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Employee Engagement Training for Managers

"To win the marketplace, you must first win in the workplace," according to Doug Conant, a former CEO of Campbell's Soup. Employee engagement training for managers can teach managers how to encourage and keep employees. 

When your employees are engaged, they are more likely to be invested in the work they do, rather than just going through the motions. A company with engaged employees sees work quality, productivity, and talent retention increase. 

Conversely, disengaged team members lead work quality, productivity, and talent retention to suffer. 

To win the workplace, managers need to encourage employee engagement. To promote and grow employee engagement, you need employee engagement training.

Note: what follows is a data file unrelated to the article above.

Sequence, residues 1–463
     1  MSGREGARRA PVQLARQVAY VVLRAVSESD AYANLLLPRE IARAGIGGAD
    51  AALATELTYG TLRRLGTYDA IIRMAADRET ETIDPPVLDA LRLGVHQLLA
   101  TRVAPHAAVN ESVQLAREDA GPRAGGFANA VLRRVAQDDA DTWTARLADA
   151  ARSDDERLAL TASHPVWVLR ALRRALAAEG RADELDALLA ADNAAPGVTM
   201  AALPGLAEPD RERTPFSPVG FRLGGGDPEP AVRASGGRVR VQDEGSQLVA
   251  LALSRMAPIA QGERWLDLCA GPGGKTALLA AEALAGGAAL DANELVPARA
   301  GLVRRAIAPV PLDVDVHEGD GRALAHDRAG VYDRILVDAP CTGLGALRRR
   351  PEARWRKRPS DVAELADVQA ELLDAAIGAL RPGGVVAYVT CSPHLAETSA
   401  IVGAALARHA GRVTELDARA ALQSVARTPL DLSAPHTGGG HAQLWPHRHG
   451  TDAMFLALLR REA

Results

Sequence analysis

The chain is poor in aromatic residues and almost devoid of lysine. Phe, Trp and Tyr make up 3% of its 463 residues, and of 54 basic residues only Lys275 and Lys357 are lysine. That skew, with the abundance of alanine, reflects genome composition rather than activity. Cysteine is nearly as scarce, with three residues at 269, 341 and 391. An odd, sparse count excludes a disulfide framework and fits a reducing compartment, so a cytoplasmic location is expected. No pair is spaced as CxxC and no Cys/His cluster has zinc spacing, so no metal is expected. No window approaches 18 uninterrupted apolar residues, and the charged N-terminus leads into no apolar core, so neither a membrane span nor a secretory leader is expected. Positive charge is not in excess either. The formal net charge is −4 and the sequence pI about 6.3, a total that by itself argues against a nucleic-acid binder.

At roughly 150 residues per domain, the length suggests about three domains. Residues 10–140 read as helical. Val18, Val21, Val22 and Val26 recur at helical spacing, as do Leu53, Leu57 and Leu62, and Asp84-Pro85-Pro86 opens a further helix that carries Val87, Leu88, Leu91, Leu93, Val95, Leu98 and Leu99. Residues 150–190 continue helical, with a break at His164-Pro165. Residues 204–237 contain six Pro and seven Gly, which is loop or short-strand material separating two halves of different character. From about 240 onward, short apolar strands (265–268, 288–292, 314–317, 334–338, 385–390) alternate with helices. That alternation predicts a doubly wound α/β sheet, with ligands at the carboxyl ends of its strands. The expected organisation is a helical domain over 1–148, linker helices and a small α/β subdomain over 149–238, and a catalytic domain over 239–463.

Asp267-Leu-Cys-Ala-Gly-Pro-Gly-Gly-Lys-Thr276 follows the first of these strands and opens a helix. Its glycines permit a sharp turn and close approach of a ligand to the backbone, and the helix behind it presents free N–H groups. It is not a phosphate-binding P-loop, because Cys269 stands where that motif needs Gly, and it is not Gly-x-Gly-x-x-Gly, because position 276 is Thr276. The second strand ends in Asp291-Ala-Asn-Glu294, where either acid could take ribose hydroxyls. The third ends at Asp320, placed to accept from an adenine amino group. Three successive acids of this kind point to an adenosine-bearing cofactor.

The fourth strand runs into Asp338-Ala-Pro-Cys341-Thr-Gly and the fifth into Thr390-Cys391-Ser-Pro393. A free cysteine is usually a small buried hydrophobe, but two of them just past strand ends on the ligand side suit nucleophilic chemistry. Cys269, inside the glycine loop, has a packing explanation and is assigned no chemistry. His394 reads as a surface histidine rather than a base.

What Is Employee Engagement?

Employee engagement is the emotional commitment your employees have to the company, its mission, and its goals — it can be summed up as employee buy-in to the company. 

Engaged employees care. They don't just want to contribute to and advance the company—they want to grow with it. Engagement shows through exceptional work results, like better products, improved services, increased sales, and expanded customer satisfaction. 

Moreover, employee engagement is not the same as employee happiness or satisfaction. While those are important to the well-being of both employees and the company, they are different. 

Happy or satisfied employees can perform their tasks yet remain unengaged. Low turnover and employees working extra hours don't necessarily equate with employee engagement.

Manager engagement with employees is key to fostering engaged employees. Employees with engaged managers become committed themselves because they feel respected and valued.